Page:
Enterprise Imaging: The now and future king of medical image management

As recently as three to five years ago, clinicians diagnosing disorders could not afford to dismiss the possible presence of “stumble-across” imaging studies.

Don’t confuse the term with incidental findings. These are anatomic abnormalities that pop up in imaging exams looking for something else. By contrast, stumble-across imaging is typically a prior exam that’s relevant to care but hidden from view. The only way a clinician can find it is to stumble across it.

Helpful as they can be when they turn up, stumble-across imaging was always destined for demolition. Its days became numbered as soon as healthcare entered the digital age. It was just too obviously unreliable as any sort of go-to diagnostic strategy to survive the transformation. After all, it was no secret that priors often went poorly remembered by patients and completely undiscovered by clinicians. The result often was repeat imaging, and the safety risks and monetary costs that it carries.

What replaced poking around for clues and making do with whatever turns up? The one-two punch of uniting the EMR with enterprise imaging (EI).


Adam Brand photo for EI Article.“The physicians and staff in our imaging department were progressive enough in their thinking that they didn’t want to simply replicate what we’d been using through the state’s direction. They wanted to look at whatever technologies were out there. And they wanted a product family that would meet our needs well into the future.”

– Adam Brand, MBBS, MPH, Emergency Medicine Specialist, Gold Coast Hospital and Health Service, Queensland, Australia

A defining moment in healthcare history

So suggests Adam Brand, MBBS, MPH, an emergency medicine specialist at Gold Coast Hospital and Health Service in Queensland, Australia. As a physician staffing one of medicine’s busiest branches since 2007, he’s had enough experience with stumble-across diagnostics in the past to recognize the vast superiority of EI in the present.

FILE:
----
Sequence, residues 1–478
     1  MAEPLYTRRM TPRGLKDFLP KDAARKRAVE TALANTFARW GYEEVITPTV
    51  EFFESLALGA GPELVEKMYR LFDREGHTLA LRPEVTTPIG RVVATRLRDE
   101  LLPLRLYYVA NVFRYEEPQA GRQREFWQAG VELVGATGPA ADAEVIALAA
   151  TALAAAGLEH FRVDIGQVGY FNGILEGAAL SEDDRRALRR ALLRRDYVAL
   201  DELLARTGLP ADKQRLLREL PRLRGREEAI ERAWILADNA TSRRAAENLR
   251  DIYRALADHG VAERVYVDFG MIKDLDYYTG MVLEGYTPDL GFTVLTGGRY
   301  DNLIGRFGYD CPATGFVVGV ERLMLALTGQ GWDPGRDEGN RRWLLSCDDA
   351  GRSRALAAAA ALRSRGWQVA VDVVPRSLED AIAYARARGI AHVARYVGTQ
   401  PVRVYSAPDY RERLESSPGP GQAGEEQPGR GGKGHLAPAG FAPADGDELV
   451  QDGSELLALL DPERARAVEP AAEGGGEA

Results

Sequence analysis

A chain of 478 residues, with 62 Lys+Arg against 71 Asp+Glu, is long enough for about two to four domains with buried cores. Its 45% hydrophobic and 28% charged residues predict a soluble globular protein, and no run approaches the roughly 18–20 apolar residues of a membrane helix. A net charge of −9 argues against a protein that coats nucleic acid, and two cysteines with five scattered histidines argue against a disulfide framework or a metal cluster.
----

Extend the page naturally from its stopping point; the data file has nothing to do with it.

An example might be “something as simple as a prior exam of, say, a nodule you’re looking at on an emergency chest X-ray,” Brand tells Radiology Business. “Today the prior imaging comes right up on your screen with the patient’s identifying info, and you can compare the nodule’s appearance then with how it looks now. You check the prior report along with the side-by-side imaging, and you immediately know exactly what to do for the patient.”

Brand, who also serves the four-hospital Gold Coast system as medical director of digital and information—the equivalent of a CMIO in the U.S.—isn’t shy about expressing his zeal for EI and other emerging technologies.

“When you look at how substantially artificial intelligence has matured over the past year or so, especially with generative and large-language models, we’re really at a rich and exciting inflection point in healthcare,” he says. “We’re trying to be at the forefront of that evolution. It’s a great place to be.”


Efficiency, productivity, innovation

Gold Coast Hospital and Health Service began fully embracing the concept of enterprise imaging, which Brand interchangeably calls “enterprise PACS,” between 2016 and 2018. The health system is funded by the government and at the time its leadership felt pressured to, take on more duties, responsibilities—and volumes.

At the same time, however, Gold Coast radiologists were “struggling to get the reporting efficiencies that they knew were possible within the private sector,” Brand explains. “They were not the controllers of their own destiny.”

In internal meetings, radiologists and radiology administrators identified the crux of the problem: the hospital’s reliance on a team of centralized decision-makers representing the entire state of Queensland (pop. 5.2 million). The solution would be placing enough trust in Gold Coast’s maturity to let the radiology department acquire and run its own RIS, PACS and VNA packages.